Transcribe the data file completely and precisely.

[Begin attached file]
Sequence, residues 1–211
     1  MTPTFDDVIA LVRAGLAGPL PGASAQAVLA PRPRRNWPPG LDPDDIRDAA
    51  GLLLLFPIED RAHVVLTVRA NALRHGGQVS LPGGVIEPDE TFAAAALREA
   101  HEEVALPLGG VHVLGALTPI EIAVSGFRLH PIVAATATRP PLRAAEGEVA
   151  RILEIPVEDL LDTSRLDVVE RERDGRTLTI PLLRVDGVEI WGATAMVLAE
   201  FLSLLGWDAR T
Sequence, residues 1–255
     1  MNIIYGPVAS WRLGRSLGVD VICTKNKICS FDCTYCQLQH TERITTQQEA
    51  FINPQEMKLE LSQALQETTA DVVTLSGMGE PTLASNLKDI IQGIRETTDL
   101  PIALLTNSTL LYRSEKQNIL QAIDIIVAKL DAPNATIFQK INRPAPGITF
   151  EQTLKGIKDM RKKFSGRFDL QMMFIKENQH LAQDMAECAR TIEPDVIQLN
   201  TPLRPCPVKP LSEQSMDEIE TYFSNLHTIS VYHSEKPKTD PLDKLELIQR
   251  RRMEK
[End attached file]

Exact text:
Sequence, residues 1–211
     1  MTPTFDDVIA LVRAGLAGPL PGASAQAVLA PRPRRNWPPG LDPDDIRDAA
    51  GLLLLFPIED RAHVVLTVRA NALRHGGQVS LPGGVIEPDE TFAAAALREA
   101  HEEVALPLGG VHVLGALTPI EIAVSGFRLH PIVAATATRP PLRAAEGEVA
   151  RILEIPVEDL LDTSRLDVVE RERDGRTLTI PLLRVDGVEI WGATAMVLAE
   201  FLSLLGWDAR T
Sequence, residues 1–255
     1  MNIIYGPVAS WRLGRSLGVD VICTKNKICS FDCTYCQLQH TERITTQQEA
    51  FINPQEMKLE LSQALQETTA DVVTLSGMGE PTLASNLKDI IQGIRETTDL
   101  PIALLTNSTL LYRSEKQNIL QAIDIIVAKL DAPNATIFQK INRPAPGITF
   151  EQTLKGIKDM RKKFSGRFDL QMMFIKENQH LAQDMAECAR TIEPDVIQLN
   201  TPLRPCPVKP LSEQSMDEIE TYFSNLHTIS VYHSEKPKTD PLDKLELIQR
   251  RRMEK